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Methods of Consumption

You have more cannabis options available to you today than ever before. Different  methods of consumption have different rates of absorption, which affects time of onset, duration, and levels of psychoactivity; understanding this will help you enjoy a truly customized experience. 

INHALATION

Inhalation offers the fastest onset, and is the most popular method of consumption.  This includes both combustion (pipes, bongs, joints) and vaporization. It’s tasty and enjoyable, and since the effects are nearly instantaneous, there is less chance to inadvertently over-do it.

While studies have shown that even decades of smoking cannabis is not associated with higher risks of lung disease, combustion is still not the healthiest alternative. Vaporizers (and vape pens) work by heating the smoking substance to a temperature hot enough to vaporize the plant material but not burn it, which releases the cannabinoids and terpenes. Inhalation methods range from the simplest pre-rolled joint to the most advanced tabletop vaporizer, along with the daunting array of attachments, accessories, and options they offer. Vape pens are a popular choice because they are simple, discreet, portable, tasty, and let’s face it, fun, but you’ll find a wide variety of all sorts of smoking/vaping options here at Sespe.


ORAL/
MUCOSAL

If you need something more discreet, or prefer not to smoke or vape, the next quickest route is through the mucous membranes of the mouth. Tinctures, hard candies, sprays or strips, and gum all fall under this category. The longer you hold it in your mouth, the more will be absorbed through the sublingual and buccal surfaces (under the tongue and inside the cheek, respectively); like inhalation, the medicine passes directly into the bloodstream.  Still, some of it will be swallowed and processed through the digested before the effects are felt, so the rule to wait at least an hour and a half still applies.

INGESTION

Edible cannabis offers a huge variety of delicious and innovative options, and a different experience; when THC is processed through the digestive tract, it changes both the duration of the effects, and the effects themselves. As it is digested, delta-9-THC is converted to 11-hydroxy-THC, which is more psychoactive and lasts about twice as long. The only drawback is that it might take an hour or more before you feel it, so patience is key.  Start small, give it time, there’s no hurry. Re-dosing before the full effects hit can lead to some very unpleasant experiences; too much THC can cause disorientation, anxiety, paranoid thoughts, feelings of impending doom, and a very, very dry mouth. You can’t overdose and you won’t do any lasting damage, but it isn’t any fun.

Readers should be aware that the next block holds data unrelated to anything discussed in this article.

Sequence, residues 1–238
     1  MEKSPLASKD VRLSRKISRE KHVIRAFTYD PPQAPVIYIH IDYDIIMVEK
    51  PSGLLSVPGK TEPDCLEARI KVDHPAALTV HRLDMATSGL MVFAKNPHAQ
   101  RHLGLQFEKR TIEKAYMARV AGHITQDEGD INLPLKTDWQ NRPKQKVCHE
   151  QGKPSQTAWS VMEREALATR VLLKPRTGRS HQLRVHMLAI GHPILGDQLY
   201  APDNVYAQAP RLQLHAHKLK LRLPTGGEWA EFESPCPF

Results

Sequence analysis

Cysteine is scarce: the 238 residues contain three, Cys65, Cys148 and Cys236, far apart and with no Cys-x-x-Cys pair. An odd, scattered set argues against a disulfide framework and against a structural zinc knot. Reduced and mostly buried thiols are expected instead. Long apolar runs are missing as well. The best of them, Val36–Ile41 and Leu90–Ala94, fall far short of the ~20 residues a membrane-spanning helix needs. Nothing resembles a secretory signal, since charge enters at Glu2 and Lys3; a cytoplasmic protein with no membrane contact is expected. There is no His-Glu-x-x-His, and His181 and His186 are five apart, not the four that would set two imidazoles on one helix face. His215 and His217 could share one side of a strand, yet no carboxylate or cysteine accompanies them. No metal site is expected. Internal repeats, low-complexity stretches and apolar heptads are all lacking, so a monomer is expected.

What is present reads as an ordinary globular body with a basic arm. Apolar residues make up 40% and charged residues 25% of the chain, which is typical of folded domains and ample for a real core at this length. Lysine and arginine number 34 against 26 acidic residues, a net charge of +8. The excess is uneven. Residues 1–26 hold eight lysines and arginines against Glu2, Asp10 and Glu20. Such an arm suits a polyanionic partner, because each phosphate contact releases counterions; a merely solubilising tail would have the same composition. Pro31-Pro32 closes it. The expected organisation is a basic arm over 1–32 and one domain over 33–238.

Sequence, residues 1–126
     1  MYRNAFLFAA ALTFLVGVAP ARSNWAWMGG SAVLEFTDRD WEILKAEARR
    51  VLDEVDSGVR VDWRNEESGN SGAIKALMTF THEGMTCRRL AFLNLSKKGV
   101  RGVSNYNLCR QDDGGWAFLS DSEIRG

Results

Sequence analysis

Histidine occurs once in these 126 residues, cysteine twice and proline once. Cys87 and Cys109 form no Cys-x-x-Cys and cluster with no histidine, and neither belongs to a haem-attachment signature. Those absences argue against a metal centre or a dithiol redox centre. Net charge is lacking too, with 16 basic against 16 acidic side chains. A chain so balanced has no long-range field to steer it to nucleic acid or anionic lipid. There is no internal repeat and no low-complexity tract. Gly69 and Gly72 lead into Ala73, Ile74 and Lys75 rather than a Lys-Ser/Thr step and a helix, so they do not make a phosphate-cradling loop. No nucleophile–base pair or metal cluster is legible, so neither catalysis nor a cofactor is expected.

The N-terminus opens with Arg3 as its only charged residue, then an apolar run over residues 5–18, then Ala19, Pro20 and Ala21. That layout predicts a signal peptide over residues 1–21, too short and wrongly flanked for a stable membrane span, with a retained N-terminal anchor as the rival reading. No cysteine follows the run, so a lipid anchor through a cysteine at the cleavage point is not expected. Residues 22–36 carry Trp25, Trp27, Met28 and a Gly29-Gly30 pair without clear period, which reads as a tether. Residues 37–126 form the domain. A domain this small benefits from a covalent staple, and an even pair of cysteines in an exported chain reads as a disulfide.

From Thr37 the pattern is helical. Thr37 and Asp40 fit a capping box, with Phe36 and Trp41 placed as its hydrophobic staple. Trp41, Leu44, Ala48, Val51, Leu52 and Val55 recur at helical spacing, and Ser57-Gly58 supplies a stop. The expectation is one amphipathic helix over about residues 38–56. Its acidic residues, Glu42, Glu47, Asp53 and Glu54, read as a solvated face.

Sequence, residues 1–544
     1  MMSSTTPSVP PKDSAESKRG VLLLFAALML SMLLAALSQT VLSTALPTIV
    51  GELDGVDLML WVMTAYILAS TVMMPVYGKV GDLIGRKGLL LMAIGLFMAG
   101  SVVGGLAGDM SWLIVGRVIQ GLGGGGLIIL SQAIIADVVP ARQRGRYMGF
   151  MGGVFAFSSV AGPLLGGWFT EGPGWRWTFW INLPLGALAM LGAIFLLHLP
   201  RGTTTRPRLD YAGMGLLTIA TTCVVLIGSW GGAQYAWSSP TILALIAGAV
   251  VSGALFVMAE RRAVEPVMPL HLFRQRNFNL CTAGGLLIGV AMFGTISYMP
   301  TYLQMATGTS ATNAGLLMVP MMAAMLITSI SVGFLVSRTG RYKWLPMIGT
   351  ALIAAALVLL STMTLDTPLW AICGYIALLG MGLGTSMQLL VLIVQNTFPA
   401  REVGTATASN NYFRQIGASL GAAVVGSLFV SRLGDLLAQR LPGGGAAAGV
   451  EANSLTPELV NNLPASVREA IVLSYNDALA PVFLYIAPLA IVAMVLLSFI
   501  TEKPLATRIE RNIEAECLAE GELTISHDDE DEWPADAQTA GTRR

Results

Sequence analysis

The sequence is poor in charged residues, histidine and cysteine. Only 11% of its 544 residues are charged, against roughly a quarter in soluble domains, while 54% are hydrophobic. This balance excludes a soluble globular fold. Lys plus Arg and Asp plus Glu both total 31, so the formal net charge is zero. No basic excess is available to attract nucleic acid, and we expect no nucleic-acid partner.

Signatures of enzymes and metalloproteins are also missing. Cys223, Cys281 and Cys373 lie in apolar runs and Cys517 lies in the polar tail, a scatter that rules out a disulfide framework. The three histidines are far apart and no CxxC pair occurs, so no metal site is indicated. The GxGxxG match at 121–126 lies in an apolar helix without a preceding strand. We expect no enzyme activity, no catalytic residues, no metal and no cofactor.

For first timers, experts recommend a very small (5 – 10mg) dose.  We urge you always to err on the side of caution, and keep in mind that the rate of absorption and the duration will be different for different individuals, depending on when and what you ate last, and your own unique metabolism. In spite of all these variables, once you have established what works for you, you’ll know exactly how much you want to take. Modern edibles are very consistent in potency and dosage.


TOPICAL/
TRANSDERMAL

Topical cannabis preparations work locally and are non-psychoactive. Cannabis is capable of exerting its effects directly on the body without first being processed through the system because the skin is absolutely packed with cannabinoid receptors. CB1 and CB2 receptors are found in epidermal keratinocytes (which are 90% of all skin cells), nerve fiber bundles, mast cells, macrophages, and the epithelial cells of hair follicles, sebocytes and sweat glands. In addition to this, recent research has revealed that multiple members of the transient receptor potential (TRP) ion channel family can act as cannabinoid receptors, and the skin is full of those as well. These TRP channels are involved in numerous processes including temperature and itch perception, the initiation of pain, the maintenance of skin homeostasis, the regulation of hair follicles and sebaceous glands, immune response, and the modulation of inflammation, among other things.
Illustration: Cannabinoid receptors in the skin

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